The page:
Oamaru riders put on a mountain biking masterclass at this year’s Naseby 12 Hour Challenge.
The North Otago town was well-represented at the annual mountain biking event through the Naseby Forest on Saturday.
After 12 hours of racing, Waitaki Boys’ High School teams took first and third places in the junior teams category.
First-placed Team Waitaki Boys’ (Will Plunket, Jonty Nelson, Ben Strang, Jakob Cunningham and Vandy Selfe) completed 20 laps of the 11.6km circuit and finished a full lap clear of second-placed Verdon College, and ninth overall.
The Waitaki Boys’ 125ers (Cade Hamilton, Harrison Weir, Korban Selfe and Sam Edmondston) squeezed in 18 laps to finish third.
Overall, the top four teams all completed the 12-hour race with 23 laps.
Oamaru team EPO Express (Taz Selfe, Blain Hamilton and Kaleb Hayes) was second in the men’s open grade and third overall, and Slowly Fading (Brock Hamilton, Sullivan Martin, Aubury Martin and Rhys Hamilton) was third in the men’s category and fourth overall.
Oamaru brothers Tim and Kris Rush were first and second respectively overall in the six-hour solo race.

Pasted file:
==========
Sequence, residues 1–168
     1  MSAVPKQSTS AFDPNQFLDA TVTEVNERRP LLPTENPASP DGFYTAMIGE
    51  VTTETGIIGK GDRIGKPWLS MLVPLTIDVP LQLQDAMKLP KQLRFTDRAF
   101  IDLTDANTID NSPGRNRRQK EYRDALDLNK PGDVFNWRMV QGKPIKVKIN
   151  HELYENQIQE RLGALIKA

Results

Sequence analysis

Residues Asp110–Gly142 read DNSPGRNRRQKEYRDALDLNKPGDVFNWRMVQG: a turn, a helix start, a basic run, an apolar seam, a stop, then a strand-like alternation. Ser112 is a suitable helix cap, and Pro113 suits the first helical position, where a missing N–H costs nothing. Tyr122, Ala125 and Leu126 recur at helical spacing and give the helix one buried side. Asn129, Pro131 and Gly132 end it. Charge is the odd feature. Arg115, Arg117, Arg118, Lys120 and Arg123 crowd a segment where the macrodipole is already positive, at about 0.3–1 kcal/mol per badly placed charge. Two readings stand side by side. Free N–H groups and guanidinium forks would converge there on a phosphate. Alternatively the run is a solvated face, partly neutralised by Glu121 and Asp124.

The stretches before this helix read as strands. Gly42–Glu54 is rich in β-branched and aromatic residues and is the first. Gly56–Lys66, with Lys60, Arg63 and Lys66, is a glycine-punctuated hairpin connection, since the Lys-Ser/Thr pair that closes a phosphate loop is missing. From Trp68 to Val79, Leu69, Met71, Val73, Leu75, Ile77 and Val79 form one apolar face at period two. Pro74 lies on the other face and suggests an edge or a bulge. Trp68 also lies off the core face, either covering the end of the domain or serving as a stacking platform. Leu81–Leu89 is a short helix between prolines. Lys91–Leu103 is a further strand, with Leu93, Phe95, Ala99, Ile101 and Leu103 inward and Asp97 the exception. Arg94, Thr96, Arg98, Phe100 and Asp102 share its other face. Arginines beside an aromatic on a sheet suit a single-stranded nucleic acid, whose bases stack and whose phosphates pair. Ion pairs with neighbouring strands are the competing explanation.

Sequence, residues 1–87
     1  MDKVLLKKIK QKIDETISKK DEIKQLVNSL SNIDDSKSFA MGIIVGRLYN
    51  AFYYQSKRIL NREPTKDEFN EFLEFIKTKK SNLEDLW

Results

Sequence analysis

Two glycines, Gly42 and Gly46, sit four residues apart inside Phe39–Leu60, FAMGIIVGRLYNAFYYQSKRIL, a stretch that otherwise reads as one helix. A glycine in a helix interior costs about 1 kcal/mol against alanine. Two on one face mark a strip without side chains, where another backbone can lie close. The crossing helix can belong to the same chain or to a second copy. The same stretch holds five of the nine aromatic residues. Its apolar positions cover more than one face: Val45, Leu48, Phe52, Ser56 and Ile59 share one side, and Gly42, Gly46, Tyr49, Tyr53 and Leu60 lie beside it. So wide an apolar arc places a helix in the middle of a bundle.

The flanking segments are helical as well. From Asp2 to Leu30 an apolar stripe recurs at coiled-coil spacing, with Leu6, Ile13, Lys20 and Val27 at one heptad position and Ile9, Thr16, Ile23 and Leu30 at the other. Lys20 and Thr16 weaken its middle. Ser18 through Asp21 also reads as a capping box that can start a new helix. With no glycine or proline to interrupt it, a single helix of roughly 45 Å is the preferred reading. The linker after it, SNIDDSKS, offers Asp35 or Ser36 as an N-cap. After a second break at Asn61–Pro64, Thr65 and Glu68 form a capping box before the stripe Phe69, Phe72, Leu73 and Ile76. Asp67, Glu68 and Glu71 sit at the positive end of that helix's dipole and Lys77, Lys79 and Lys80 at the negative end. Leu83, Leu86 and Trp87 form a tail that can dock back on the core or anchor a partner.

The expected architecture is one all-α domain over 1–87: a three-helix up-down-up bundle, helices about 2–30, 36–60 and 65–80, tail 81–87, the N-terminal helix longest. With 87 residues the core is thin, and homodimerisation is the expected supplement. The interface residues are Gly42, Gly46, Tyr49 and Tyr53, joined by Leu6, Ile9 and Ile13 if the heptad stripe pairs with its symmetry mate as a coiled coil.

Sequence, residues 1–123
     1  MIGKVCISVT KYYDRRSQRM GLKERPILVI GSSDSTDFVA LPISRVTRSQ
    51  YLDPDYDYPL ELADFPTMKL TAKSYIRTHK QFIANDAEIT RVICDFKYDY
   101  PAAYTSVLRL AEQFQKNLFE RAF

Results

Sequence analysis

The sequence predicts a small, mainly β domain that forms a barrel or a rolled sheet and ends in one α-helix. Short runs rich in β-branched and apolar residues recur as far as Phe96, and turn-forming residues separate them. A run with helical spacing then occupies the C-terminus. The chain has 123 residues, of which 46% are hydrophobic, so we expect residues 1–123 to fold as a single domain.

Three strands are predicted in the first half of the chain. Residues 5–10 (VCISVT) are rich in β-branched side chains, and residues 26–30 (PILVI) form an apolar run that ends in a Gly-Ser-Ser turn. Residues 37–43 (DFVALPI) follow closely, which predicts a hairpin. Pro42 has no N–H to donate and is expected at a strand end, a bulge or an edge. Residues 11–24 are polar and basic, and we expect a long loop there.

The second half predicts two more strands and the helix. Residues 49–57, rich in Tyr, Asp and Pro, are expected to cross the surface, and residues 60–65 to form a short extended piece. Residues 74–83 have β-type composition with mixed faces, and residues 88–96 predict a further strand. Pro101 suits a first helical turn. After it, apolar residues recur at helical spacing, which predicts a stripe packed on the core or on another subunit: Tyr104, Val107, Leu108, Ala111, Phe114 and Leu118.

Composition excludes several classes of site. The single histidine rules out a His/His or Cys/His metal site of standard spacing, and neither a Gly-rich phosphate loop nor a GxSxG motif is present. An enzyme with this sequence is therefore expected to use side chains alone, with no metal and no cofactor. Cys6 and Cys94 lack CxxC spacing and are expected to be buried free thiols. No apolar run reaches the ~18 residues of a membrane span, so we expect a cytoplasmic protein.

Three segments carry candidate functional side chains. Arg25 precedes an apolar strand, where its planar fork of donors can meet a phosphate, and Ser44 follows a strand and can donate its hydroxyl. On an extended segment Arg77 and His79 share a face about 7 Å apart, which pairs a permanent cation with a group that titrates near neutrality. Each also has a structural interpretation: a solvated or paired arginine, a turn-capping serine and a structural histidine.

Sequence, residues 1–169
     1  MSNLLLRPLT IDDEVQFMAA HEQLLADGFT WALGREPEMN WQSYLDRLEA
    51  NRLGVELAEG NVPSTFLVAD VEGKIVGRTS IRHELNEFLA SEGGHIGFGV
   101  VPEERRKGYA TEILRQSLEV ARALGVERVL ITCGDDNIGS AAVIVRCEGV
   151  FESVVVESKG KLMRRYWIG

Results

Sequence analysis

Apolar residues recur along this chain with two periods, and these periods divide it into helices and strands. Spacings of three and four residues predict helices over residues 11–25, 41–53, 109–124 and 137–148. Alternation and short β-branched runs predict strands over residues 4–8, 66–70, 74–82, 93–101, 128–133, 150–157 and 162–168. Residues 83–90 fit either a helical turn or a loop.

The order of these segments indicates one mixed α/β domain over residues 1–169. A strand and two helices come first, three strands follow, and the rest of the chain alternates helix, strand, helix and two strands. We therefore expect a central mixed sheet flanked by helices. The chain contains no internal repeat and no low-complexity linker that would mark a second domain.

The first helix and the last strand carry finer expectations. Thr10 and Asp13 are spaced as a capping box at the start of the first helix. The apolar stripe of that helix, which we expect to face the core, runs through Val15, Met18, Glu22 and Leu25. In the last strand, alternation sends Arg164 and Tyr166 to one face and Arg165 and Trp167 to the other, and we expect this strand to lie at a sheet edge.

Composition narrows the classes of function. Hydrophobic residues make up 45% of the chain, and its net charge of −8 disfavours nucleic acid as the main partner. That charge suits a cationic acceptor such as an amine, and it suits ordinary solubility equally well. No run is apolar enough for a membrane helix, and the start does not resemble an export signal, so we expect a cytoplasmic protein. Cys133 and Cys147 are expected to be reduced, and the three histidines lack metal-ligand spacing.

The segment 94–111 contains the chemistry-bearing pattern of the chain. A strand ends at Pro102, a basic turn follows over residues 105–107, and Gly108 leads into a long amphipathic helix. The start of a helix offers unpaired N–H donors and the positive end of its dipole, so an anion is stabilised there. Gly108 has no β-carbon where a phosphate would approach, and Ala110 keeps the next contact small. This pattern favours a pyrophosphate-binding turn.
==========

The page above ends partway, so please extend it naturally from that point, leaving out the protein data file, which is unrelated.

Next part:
Tim also rode the fastest lap of the day, in 27min 10sec.
In the veteran teams category, Not so serious anymore (Harvey Weir, Kelvin Weir, Blair Selfe and Graham Macleod) placed third.
Mountain Biking North Otago president Marcus Brown said it was great to see so many local riders participating – competitively and socially – in the Naseby 12 Hour Challenge.
Mountain biking was growing in popularity in North Otago, and it was encouraging to see so many young people taking up the sport and doing well at events such as the 12-hour race, Brown said.
“We’ve just got a pool of raw talent here and they’re making the most of all of the opportunities,” he said.
The development of trails in North Otago had been key to the sport’s growth and athletes’ success, he said.
“The network of trails that have been established by Mountain Biking North Otago has made a real difference
“I think that gives everyone a focal point, the tracks are very accessible.”